A guide for parents in Canada

Types of child care

Every province and territory regulates, monitors and licensed child care according to their own legislation and regulations. With regulated spaces for only 28% of children aged 0 – 5 years Canada-wide, many families use unregulated arrangements, either in the caregiver’s home (unregulated family child care) or in the child’s home (a nanny or a babysitter).

Kindergarten, provided through the school system in every province and territory is also often part of parents’ child care arrangements.

Regulated child care services

Regulated child care includes centre-based full-day child care, nursery schools and preschools, regulated family child care, before-and after- school child care. Most regulated child care operates standard work schedules but some (limited) non-standard hours child care is available.

Provincial/territorial regulations for child care programs set minimum standards for regulated arrangements. The minimum standards, however, do not necessarily guarantee quality. Although the minimum requirements are an important baseline, high quality programs usually strive to exceed some or all of the regulations. One of the important elements of regulated child care is the public oversight provided through the monitoring processes carried out by all provinces and territories, so parents are not alone in monitoring health and safety.

Full-day child care centres

Unlicensed full-day child care centres do not operate legally in any region of Canada.

  • must be licensed everywhere in Canada. Unlicensed full-day child care centres do not operate legally in any region of Canada. However, private schools that are exempt from child care licensing may sometimes include very young children.
  • must meet their province’s or territory’s regulations, such as group size, staff-child ratios, staff educational requirements, physical space, nutrition, sleep and outdoor time, health and safety, and record keeping requirements in order to be licensed.
  • are monitored/inspected on a regular schedule by government officials.

Part-day centres for preschool-age children

  • are usually called nursery schools or preschools.
  • are regulated in almost all provinces/territories through the same licensing systems as full-day programs, although some requirements can be different.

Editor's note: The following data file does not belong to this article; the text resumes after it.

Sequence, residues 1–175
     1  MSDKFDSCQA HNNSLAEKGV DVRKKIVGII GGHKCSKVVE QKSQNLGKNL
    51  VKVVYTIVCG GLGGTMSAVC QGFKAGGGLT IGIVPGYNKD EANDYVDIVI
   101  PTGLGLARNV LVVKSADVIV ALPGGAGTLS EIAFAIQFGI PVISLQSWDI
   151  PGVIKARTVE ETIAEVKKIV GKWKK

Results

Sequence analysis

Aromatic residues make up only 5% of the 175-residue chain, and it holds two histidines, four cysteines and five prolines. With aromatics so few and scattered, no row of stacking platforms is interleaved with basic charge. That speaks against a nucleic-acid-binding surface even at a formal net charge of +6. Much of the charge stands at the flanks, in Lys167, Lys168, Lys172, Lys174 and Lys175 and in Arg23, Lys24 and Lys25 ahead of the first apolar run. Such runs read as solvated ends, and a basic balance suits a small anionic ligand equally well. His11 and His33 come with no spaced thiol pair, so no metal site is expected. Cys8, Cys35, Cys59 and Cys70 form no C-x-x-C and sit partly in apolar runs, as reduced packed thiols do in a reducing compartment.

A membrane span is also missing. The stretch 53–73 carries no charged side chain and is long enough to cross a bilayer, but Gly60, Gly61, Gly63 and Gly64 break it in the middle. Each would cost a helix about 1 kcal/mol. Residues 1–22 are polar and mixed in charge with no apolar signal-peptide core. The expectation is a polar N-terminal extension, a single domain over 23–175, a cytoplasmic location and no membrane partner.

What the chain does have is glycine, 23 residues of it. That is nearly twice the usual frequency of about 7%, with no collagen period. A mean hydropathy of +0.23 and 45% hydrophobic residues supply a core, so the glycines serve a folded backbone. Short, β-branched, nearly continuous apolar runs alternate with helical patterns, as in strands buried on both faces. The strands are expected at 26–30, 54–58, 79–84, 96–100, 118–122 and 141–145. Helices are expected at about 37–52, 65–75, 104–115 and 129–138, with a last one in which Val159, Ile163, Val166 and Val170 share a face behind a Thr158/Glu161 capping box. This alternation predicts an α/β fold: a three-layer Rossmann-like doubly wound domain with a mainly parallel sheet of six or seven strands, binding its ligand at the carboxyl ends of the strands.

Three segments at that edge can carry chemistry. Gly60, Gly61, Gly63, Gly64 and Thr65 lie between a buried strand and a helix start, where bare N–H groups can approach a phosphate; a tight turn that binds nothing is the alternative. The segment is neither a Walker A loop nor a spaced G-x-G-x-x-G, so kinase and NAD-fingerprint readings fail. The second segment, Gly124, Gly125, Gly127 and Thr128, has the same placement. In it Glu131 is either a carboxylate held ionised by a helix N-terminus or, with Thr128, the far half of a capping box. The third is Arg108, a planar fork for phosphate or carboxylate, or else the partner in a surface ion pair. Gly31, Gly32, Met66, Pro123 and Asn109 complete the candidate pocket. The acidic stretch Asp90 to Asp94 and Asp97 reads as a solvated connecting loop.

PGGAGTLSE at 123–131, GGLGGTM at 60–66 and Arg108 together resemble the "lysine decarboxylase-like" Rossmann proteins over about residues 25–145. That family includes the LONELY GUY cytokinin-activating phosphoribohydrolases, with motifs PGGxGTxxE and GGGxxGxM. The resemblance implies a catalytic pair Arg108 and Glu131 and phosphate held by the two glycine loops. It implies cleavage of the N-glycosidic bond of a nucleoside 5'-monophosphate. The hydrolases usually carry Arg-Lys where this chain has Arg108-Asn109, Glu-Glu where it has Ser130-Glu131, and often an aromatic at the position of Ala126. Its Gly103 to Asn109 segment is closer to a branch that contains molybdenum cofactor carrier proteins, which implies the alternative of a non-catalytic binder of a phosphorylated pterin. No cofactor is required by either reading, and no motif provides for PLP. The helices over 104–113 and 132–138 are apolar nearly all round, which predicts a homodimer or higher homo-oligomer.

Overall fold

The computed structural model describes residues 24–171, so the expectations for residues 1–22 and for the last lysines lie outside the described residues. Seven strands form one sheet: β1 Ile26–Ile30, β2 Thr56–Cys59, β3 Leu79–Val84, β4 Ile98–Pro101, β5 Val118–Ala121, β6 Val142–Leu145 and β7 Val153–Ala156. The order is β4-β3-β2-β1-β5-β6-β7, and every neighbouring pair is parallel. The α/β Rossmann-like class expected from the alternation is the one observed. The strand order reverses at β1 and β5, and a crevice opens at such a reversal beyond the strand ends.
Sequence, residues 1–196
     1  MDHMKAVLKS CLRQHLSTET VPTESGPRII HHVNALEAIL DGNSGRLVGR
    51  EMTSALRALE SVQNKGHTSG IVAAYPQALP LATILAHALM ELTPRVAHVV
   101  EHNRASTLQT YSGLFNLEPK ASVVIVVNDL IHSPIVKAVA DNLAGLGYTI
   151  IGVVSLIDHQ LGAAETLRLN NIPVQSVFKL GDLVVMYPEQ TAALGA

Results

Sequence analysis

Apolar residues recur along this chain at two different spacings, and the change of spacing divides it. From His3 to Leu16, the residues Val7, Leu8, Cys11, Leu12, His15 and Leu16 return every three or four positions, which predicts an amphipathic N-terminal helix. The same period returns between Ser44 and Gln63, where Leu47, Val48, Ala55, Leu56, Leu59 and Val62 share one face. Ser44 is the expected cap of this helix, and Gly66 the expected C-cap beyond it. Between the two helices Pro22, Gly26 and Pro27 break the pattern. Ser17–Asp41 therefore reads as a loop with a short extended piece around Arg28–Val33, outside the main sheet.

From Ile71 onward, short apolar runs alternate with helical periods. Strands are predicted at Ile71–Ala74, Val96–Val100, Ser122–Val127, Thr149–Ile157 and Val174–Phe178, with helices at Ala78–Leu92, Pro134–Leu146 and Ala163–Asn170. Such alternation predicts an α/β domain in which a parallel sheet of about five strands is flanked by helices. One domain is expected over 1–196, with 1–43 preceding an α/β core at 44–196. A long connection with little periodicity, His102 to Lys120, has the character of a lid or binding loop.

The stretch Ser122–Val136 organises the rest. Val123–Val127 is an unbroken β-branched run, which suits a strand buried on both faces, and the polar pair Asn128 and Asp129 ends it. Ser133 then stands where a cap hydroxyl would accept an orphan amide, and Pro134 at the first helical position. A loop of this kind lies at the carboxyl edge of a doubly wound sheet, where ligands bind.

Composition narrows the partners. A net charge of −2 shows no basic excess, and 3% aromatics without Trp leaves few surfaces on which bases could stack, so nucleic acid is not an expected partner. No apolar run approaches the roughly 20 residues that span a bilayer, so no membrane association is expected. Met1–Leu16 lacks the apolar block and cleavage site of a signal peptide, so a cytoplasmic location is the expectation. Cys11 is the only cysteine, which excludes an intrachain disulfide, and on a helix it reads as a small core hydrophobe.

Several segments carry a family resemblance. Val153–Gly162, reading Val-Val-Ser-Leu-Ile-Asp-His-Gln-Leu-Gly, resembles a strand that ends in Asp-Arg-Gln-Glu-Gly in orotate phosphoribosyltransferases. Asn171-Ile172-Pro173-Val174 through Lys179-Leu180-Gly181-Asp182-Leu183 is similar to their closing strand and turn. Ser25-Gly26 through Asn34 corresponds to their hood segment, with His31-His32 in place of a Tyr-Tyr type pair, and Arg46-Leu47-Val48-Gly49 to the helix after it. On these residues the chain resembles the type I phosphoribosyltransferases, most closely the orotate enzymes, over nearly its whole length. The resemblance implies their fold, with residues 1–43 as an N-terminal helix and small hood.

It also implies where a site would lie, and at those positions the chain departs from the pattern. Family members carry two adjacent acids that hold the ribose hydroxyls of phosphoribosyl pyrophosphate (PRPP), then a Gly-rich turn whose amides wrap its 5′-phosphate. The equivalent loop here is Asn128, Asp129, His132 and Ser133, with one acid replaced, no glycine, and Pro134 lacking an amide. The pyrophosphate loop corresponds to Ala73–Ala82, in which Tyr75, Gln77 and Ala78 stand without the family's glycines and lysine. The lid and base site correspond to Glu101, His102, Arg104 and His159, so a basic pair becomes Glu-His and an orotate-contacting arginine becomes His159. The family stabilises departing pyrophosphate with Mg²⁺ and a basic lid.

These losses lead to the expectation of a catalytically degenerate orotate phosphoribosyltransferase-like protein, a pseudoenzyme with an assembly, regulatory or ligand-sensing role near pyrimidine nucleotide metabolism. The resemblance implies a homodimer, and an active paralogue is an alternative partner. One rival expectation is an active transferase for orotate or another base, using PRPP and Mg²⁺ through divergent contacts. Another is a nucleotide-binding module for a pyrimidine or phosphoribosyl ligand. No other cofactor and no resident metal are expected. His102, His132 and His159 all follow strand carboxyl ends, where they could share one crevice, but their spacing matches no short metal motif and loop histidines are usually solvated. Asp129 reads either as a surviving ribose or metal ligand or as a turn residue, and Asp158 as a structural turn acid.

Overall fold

• unlicensed part-day preschool-age programs are permitted to operate in Saskatchewan and Yukon.

Before-and after-school child care

  • are regulated in all provinces/territories for children between ages 4 – 12, depending on the province/territory.
  • specific requirements for before-and-after school-age child care vary considerably.
  • some before-and-after school child care is funded or has some regulations or requirements but is not licensed. Provision for public monitoring of these programs varies but is different from monitoring of licensed programs.
  • some before and after-school programs and some summer and school holiday programmes for children as young as age 3 are not required to be licensed or egulated, including some in school premises.
  • summer sleep-away camps are not regulated and summer day camps are not required to be licensed as child care (although some may be).
girl with maracas

Regulated family child care (home child care)

  • is provided to a group of children, usually required to be in a caregiver’s home.
  • is offered in all provinces/territories.
  • regulations cover the physical environment, number of children by age, record keeping, nutrition, health and safety and sometimes caregiver training.
  • in some provinces, regulated family child care homes are inspected or monitored by a government official who makes regular visits, usually annually. In others, they are regulated through supervision by a licensed or approved agency that monitors multiple family child care homes through regular home visits.
  • in several provinces, regulated family child care may be provided by two (or more) caregivers in a home setting, with and a higher number of children permitted.
  • in several provinces, regulated family child care is “approved” rather than regulated.
  • many child care providers in their own homes are unregulated. No province/territory requires all family child care to be regulated, so long as they don’t exceed the maximum number of children.


  • kindergarten is an early childhood education program offered for all five-year-olds in all provinces/territories, either part-day or full-school day, not covering teachers’ professional development days or summer or other holidays.
  • in all but three provinces, kindergarten for five-year-olds is now full-school day. 
  • kindergarten for four-year-olds are available in provinces/territories and in development in others. Four-year-old kindergarten has been growing Canada-wide. 
  • kindergarten is part of public and denominational school systems with no parent fees and is often also provided in private schools, which charge fees.
  • kindergarten is not designed to meet many parents’ work schedules but may be part of working parents’ child care arrangements.

Care for Newcomer Children (CNC)

  • CNC is free, on-site, short-term child care for children whose parents are attending Language Instruction for Newcomers to Canada (LINC) programs.
  • all permanent residents and accepted refugees to Canada have access to free settlement services including CNC programs prior to obtaining citizenship.
  • CNC is funded by Immigration, Refugees and Citizenship Canada (IRCC) as a support to settlement services in every province except Quebec.
  • some CNCs are licensed under provincial/territorial child care regulations but the majority are not required to be unlicensed and operate under the Care for Newcomer Children Requirements.